re safe in stating that in very primitive times nearly all were intended for use in the domestic arts, and that as time went on uses were differentiated--form, as a consequence, undergoing many changes. Early writers on the Southern States mention a number of ordinary uses, such as cooking, the carrying and boiling of water, the manufacture of sugar and salt, and the preservation of honey, oil, and paint.
Only a small percentage of the vessels, and these generally of the pot-shaped variety, show indications of use over fire. It is well known that with most peoples particular forms were devoted to especial ceremonial uses. The construction of vases exclusively for mortuary purposes was probably not generally practiced, although a few examples, notably those illustrated in Figs. 372 and 420, point decidedly in this direction.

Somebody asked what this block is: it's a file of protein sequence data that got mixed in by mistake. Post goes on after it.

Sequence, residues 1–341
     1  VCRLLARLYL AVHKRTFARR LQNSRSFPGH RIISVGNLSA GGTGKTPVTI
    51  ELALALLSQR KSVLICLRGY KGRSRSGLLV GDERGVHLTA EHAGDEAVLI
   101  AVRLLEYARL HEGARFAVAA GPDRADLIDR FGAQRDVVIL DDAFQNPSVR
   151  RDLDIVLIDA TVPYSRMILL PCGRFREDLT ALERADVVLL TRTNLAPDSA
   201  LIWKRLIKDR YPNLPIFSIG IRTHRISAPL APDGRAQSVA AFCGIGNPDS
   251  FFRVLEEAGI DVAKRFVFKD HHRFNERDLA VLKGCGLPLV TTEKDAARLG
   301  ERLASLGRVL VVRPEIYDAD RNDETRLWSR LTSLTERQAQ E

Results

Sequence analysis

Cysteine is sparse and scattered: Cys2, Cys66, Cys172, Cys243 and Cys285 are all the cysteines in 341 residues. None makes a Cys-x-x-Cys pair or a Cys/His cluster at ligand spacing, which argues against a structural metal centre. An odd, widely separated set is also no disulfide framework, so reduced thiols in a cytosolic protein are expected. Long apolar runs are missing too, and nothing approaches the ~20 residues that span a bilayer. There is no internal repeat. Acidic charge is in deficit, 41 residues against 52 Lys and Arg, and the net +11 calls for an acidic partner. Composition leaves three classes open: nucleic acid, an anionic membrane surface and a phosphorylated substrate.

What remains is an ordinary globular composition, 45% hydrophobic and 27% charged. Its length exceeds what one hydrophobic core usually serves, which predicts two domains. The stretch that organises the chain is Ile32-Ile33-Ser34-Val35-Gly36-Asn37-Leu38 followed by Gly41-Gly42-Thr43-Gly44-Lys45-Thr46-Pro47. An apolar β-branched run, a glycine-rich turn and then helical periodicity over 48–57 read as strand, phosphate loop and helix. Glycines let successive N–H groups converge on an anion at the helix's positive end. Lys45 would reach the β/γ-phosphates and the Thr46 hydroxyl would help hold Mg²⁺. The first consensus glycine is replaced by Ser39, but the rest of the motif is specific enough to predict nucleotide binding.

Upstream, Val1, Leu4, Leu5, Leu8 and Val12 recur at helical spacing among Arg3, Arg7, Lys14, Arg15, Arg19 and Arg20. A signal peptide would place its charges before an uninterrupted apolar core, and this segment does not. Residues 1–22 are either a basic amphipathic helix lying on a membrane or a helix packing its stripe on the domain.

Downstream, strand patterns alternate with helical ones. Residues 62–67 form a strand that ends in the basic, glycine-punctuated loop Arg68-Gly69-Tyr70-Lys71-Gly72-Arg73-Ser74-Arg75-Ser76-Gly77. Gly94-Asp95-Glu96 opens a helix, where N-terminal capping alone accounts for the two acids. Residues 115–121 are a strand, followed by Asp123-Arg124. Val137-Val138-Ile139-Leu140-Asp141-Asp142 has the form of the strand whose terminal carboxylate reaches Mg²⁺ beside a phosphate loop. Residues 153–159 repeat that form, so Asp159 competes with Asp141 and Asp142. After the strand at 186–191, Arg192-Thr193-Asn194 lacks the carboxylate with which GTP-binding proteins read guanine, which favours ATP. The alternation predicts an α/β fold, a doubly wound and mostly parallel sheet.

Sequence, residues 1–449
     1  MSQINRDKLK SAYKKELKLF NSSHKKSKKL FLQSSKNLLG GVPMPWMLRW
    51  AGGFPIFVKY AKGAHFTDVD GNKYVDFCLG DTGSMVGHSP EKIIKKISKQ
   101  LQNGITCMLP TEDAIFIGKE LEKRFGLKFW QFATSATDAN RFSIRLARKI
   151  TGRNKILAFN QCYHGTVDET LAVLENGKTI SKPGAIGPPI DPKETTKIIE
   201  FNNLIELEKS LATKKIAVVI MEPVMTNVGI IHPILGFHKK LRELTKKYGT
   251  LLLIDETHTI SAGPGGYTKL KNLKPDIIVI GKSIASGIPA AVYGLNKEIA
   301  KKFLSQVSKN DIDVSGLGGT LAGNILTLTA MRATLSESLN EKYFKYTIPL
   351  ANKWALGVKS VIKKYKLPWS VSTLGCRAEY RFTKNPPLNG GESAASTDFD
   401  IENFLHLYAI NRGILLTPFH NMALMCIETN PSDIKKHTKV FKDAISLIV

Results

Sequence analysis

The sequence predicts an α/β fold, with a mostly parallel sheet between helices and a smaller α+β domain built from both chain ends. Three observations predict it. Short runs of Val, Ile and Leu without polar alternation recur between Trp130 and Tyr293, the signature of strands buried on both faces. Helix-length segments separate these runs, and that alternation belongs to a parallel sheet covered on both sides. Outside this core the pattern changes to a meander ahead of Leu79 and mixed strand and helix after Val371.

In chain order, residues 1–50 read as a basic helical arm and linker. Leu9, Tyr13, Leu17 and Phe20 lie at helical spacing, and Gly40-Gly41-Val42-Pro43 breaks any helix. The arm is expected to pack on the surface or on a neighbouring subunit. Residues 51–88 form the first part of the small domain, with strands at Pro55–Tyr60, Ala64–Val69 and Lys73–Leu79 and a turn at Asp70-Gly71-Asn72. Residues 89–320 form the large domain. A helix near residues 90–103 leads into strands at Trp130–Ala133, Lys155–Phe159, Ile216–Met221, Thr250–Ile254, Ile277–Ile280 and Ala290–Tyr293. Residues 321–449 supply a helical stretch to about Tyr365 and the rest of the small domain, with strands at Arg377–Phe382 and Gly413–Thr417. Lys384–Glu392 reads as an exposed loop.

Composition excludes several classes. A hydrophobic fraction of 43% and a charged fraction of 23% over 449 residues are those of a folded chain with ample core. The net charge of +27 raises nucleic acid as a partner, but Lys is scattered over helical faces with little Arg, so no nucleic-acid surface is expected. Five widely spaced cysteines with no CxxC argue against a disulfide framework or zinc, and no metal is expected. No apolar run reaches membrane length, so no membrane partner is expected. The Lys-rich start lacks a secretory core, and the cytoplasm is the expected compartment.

The simple conditions of life with these people are indicated by the absence of certain forms. Lamps, whistles, toys, bricks, tiles, and other articles in common use with man